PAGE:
What are the potential environmental and economic damages?
According to language listed in the LEIS, areas currently managed as Wilderness will be no longer managed as Wilderness. This change in land management "may significantly depart from the existing visual context of an 'untrammeled' natural environment free of human modification, as well as introduce new lighting sources that could permanently affect the natural night skies through the creation of light pollution and sky glow", as explained in the LEIS Executive Summary. With additional fencing and structures, desert bighorn habitat and territory will be ultimately fragmented. This fragmentation can lead to limits in genetic diversity and isolation of desert bighorn population which, over time, can lead to population decline. Local bighorn enthusiasts have been working with Nevada Department of Wildlife installing guzzlers, artificial water installments designed to provide wildlife with community sustaining water, throughout the Desert National Wildlife Refuge. Unfortunately, access to monitor and maintain these life-giving guzzlers could be potentially lost or rendered difficult to reach at best. Millions of dollars in annual recreation revenue spent by Desert Refuge visitors will be lost if the land withdrawal goes through. The town of Beatty, which has seen an uptick in tourism after the installment of several mountain bike trails, could lose out big in this deal as well. Tourism is the lifeblood of the state of Nevada. And tourism through recreation is a resource a diverse group of entrepreneurs can benefit from. Outfitters, hotel, gas, photography guides, retailers and licensing bureaus all have a stake in the fate of the Desert Refuge.
What can I do to prevent this from happening?
From the moment the LEIS was released, December 8, 2017 until March 8, 2018, there is an 90-day open comment period. The public is encouraged to provide feedback and reactions to the LEIS draft and these comments will be included in the final draft of the LEIS. Comments can be submitted here. Those wishing to submit comments are encouraged to list your specific concerns as to why this proposal should not be considered or approved and why. Getting involved by submitting comments is a great way to make an impact on limited time and mobility resources. There are also public hearings taking place all month as well for those who can make the meetings. Locations as well as dates and times are as follows:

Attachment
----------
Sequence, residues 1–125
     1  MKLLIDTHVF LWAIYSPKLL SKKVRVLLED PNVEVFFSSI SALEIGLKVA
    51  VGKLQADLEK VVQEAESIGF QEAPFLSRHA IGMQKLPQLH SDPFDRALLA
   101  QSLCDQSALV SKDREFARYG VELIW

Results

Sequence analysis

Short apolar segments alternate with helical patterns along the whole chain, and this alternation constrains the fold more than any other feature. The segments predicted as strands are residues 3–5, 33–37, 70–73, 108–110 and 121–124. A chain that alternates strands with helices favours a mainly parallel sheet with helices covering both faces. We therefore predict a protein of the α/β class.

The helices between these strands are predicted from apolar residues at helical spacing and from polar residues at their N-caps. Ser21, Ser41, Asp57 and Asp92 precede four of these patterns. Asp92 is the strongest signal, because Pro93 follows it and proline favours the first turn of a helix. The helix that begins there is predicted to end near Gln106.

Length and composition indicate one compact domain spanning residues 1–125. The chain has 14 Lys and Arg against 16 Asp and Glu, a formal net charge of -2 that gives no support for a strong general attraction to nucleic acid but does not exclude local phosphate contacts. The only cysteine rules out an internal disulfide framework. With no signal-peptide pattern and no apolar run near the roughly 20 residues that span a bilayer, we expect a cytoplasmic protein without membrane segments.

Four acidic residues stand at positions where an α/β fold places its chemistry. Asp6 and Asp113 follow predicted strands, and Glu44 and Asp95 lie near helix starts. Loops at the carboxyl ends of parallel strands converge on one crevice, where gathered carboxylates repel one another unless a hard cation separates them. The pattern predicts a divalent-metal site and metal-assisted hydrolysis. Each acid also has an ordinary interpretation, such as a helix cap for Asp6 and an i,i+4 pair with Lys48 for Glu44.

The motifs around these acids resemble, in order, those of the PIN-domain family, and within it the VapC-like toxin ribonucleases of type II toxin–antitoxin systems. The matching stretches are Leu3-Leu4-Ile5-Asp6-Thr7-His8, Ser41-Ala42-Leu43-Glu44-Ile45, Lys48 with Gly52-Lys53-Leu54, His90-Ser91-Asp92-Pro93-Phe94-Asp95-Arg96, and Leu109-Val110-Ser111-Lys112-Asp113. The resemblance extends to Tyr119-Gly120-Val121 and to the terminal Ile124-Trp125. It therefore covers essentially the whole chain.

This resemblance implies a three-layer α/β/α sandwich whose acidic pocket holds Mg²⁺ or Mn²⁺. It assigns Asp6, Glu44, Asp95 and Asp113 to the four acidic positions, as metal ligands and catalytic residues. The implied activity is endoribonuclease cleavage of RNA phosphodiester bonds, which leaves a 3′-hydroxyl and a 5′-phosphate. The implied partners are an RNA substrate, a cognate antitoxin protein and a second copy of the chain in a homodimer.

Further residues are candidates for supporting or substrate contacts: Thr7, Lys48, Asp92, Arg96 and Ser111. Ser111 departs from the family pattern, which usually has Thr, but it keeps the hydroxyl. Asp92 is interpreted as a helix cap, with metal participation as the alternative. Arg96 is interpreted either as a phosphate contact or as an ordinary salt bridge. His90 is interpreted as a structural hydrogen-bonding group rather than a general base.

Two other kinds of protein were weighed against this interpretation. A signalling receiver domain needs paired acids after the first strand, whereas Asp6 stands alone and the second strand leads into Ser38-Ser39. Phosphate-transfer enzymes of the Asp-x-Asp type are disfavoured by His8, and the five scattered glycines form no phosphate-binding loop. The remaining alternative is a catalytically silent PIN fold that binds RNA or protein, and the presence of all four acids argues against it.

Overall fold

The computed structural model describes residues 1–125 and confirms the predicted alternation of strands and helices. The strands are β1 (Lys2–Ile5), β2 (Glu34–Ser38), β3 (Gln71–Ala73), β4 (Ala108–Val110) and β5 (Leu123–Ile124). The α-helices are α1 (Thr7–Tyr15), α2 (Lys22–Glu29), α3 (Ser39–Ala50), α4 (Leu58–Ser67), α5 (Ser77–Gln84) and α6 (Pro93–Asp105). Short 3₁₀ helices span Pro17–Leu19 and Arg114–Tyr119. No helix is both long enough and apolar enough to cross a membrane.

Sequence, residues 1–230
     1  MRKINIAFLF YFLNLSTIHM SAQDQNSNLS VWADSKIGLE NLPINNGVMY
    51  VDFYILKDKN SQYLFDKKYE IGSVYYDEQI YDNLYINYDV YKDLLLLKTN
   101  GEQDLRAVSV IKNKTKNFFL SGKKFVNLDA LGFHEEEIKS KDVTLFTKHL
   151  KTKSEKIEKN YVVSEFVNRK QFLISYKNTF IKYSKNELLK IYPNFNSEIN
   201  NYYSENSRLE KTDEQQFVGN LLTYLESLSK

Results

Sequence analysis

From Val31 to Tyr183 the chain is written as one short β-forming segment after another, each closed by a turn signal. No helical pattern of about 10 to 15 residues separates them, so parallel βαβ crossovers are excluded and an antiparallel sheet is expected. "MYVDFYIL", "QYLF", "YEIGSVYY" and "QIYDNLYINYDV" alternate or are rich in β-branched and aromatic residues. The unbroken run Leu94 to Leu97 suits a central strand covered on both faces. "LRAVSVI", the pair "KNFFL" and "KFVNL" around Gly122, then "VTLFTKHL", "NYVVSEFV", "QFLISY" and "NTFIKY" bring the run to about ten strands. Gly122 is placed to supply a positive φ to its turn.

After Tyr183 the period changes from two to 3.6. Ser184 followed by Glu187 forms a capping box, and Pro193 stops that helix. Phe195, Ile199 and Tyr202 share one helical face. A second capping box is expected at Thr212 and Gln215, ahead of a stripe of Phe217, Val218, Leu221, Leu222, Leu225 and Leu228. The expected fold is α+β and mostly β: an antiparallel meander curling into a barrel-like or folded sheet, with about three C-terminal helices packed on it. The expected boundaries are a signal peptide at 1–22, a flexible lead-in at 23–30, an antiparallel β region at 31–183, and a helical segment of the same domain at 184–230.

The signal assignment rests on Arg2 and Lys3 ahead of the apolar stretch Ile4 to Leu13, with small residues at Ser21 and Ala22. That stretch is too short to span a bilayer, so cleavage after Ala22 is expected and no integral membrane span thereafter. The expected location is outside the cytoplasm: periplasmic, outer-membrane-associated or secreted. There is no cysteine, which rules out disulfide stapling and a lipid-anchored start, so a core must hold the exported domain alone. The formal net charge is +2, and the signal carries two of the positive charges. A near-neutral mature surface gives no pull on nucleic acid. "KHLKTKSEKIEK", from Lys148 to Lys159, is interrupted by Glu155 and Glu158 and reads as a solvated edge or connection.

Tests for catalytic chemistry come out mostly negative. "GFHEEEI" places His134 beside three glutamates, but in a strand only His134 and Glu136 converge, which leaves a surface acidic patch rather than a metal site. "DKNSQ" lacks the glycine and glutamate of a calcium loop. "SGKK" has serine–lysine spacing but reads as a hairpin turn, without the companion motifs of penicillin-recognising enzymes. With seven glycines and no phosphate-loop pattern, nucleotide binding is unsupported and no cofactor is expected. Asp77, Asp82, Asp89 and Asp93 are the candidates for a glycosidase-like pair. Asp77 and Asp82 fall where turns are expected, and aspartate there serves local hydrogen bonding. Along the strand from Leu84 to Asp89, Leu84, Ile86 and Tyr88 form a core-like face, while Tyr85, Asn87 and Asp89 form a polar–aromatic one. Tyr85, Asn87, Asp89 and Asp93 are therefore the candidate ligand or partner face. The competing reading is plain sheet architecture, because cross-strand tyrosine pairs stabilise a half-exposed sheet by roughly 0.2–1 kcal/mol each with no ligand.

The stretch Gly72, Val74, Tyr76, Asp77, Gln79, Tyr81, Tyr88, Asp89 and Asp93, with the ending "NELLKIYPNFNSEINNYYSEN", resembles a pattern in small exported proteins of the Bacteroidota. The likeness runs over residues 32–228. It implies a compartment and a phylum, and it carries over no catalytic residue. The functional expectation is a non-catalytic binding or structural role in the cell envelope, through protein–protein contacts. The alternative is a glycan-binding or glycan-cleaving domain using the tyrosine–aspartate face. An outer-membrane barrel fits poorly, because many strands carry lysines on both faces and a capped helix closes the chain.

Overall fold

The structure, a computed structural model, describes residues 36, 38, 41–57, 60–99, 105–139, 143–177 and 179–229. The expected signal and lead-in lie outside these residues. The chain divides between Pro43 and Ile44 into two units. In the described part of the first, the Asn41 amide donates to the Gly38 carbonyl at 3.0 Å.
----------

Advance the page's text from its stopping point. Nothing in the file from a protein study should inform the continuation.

- Wednesday, January 17, 2018: Caliente Elementary School, 289 Lincoln Street, Caliente, NV 89008
- Thursday, January 18, 2018: Pahranagat Valley High School, 151 S. Main Street, Alamo, NV 89001
- Tuesday, January 23, 2018: Aliante Hotel, 7300 Aliante Parkway, North Las Vegas, NV 89084
- Wednesday, January 24, 2018: Beatty Community Center, 100 A Avenue South, Beatty, NV 89003
- Thursday, January 25, 2018: Tonopah Convention Center, 301 Brougher Avenue, Tonopah, NV 89049
Friends of Nevada Wilderness will be participating in the Las Vegas public hearing at the Aliante Casino & Hotel on January 23, 2018. We will be greeting #DontBombTheBighorn supporters with a rally and press conference before the hearing. In the meantime, there is a petition circulating for our Nevada elected officials to consider. If you have not signed yet, you can do so here. Be sure to post on social media using the hashtag #DontBombTheBighorn. During this campaign, awareness is our biggest ally against this unwanted land withdrawal. As concerned citizens and public land advocates, it is up to us to make sure the right thing is done in Southern Nevada.
Stand with us as we Save the Desert National Wildlife Refuge! We appreciate your support.
Sign the petition and leave a comment to Save The Desert Wildlife Refuge today! Click here.
You can RSVP for the January 23rd public hearing on our website here.